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Binchester Roman Fort (called Vinovia by the Romans) is situated just over to the north of the town of Bishop Aucklandmarker on the banks of the River Wearmarker in County Durham, Englandmarker. The fort was the site of a hamlet until the late middle-ages, but the modern-day village of Binchestermarker is about to the east, near Spennymoormarker.

The fort was established to guard the crossing of the River Wearmarker by Dere Street, the main Roman road between Yorkmarker, Hadrian's Wallmarker and Scotlandmarker, and also the fort's via principalis. It was the largest Roman fort in County Durham, but only a relatively small part of its centre has been excavated and is open to the public. A small town (vicus) existed to the west of the fort, the remains of which are buried under the pastures of Binchester Hall Farm. The southern part of the fort is now beneath Binchester Hall, while some of the defences were destroyed in a landslip in the 19th century. Part of the stone bridge used by Dere Street to cross the River Wearmarker can still be seen when the river is low.

Pottery found at Binchester suggests that the site was occupied from the early AD70s, while the last Roman garrison was withdrawn after AD410. However, it remained occupied by the local population. By the early 6th century, a small Anglo-Saxon cemetery had been founded, and the demolition of the fort's buildings for reclamation of the materials had started, some of which were eventually used in the construction of the nearby 7th-century Escombmarker Church. A hamlet and manor house survived at Binchester until the late Middle Ages. The site of the manor house is now occupied by the 17th-century Binchester Hall.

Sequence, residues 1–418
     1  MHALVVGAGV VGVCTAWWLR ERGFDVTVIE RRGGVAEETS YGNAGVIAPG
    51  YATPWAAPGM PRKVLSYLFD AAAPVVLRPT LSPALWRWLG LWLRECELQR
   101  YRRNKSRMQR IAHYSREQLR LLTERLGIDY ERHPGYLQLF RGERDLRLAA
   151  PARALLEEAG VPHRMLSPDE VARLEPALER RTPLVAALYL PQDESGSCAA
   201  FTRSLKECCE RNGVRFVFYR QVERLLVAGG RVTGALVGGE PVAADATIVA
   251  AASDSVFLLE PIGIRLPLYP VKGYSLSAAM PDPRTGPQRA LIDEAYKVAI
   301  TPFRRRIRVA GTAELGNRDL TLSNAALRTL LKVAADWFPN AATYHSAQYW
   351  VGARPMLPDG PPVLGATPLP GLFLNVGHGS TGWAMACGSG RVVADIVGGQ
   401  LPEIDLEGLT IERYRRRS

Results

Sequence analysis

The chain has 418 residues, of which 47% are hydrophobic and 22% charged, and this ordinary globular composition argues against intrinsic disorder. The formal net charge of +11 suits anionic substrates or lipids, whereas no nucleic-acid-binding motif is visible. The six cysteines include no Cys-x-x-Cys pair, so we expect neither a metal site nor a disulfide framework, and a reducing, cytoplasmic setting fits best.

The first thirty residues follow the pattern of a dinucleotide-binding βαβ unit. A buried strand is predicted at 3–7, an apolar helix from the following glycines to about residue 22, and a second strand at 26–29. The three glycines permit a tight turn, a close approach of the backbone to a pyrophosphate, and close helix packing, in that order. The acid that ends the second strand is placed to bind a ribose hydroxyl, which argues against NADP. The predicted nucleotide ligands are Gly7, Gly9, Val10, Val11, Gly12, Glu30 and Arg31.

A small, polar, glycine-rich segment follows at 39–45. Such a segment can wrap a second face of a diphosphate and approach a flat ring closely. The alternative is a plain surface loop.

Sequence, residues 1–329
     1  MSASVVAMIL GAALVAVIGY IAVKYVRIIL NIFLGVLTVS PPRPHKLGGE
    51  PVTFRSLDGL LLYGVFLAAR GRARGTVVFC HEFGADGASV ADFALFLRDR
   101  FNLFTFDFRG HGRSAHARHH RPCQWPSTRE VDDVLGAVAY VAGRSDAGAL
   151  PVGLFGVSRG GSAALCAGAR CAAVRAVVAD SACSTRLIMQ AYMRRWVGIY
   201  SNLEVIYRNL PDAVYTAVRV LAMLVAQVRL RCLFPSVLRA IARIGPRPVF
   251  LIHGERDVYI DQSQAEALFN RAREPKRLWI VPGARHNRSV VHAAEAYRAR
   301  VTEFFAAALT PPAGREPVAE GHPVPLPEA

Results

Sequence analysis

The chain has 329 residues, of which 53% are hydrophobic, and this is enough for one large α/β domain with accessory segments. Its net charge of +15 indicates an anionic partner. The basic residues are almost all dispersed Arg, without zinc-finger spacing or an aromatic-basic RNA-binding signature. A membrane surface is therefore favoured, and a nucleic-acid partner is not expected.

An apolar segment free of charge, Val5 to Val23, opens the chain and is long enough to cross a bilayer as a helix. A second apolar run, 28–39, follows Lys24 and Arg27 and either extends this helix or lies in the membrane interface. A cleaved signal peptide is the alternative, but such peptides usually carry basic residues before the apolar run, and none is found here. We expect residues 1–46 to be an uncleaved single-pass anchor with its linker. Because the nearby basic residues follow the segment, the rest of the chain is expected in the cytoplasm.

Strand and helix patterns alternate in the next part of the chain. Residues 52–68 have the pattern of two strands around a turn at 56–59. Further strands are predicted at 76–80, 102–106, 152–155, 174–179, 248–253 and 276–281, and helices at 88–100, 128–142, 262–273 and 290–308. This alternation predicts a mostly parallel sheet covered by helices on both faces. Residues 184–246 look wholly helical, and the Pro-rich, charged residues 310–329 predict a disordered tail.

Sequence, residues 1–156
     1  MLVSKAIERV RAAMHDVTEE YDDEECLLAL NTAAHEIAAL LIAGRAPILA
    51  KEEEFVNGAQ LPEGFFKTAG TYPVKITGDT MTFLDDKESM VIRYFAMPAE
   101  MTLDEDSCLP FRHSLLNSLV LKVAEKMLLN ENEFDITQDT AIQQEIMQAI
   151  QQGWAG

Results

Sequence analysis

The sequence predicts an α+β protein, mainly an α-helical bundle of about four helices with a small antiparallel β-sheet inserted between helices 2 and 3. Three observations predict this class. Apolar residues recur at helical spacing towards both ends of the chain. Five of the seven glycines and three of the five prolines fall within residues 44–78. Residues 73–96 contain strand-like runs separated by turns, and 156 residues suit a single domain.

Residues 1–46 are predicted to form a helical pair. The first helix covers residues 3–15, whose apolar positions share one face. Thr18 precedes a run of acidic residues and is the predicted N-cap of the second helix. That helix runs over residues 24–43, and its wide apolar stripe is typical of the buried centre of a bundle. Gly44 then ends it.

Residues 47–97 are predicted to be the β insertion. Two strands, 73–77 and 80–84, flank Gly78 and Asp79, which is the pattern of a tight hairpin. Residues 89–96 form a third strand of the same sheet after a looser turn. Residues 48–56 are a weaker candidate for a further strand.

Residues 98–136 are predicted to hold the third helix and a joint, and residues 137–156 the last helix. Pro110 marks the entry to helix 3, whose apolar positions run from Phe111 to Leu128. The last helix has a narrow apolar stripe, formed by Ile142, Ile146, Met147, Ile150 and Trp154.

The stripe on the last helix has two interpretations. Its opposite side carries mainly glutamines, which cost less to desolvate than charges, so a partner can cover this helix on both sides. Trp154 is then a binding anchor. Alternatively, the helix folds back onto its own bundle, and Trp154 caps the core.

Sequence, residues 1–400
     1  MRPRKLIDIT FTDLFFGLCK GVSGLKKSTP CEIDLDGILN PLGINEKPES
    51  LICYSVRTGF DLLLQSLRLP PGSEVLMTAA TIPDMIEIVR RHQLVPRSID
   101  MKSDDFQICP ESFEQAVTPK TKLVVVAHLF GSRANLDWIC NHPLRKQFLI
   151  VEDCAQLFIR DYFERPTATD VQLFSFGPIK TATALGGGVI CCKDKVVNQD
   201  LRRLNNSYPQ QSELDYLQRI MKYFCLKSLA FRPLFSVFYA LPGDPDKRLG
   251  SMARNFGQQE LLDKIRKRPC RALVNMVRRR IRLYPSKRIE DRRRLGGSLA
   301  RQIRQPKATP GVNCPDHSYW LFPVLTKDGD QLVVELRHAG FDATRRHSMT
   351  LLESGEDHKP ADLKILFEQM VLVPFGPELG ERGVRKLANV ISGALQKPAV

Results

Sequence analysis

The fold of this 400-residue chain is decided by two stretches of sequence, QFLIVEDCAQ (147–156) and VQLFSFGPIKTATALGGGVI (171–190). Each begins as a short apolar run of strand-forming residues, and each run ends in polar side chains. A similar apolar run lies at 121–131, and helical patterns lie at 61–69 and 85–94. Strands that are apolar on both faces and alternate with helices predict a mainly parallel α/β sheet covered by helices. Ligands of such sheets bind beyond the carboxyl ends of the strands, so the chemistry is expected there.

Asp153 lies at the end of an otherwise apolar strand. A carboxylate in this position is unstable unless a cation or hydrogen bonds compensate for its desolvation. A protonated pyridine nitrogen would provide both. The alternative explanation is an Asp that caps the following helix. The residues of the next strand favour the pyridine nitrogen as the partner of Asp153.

The remains of the fort have been known to antiquarians and historians since the 16th century. In 1552, John Leland wrote that Roman coins had been uncovered in nearby ploughed fields, while William Camden, in 1586, mentioned the remains of some walls could still then be seen. A bath-house was found in the early 1800s when a farm cart accidentally fell into part of a hypocaust.

The first archaeological excavations took place between 1878 and 1880, under the auspices of John Proud of Bishop Aucklandmarker and the Reverend Robert Eli Hooppell of Byers Greenmarker, investigating the bath-house, some of the fort's defences, and discovering the surrounding settlement. Further investigations and surveys have been done since 1937, mostly by the University of Durhammarker, the Bowes Museummarker, and Durham County Council.

In April 2007, Channel 4's Time Team came to Binchester, primarily to uncover the vicus. Apart from discovering the remains of a larger, earlier fort, they also found a row of three military mausolea, "the first to have been found in Britain for 150 years." The Binchester programme was broadcast on Channel 4 on January 13th 2008.

As of summer of 2009 Durham University began undertaking of several years of excavations concentrating on the fort and the outside Vicus.

References

  1. Roman Britain: Vinovium
  2. Durham County Council: Binchester Roman Fort
  3. The Northguard: Binchester Roman Fort - Description and Tour
  4. The Northguard: Binchester Roman Fort - History
  5. The Northguard: Binchester Roman Fort - Discovery and Excavation
  6. Binchester Roman Fort: Investigation History
  7. Time Team: Binchester - What they found


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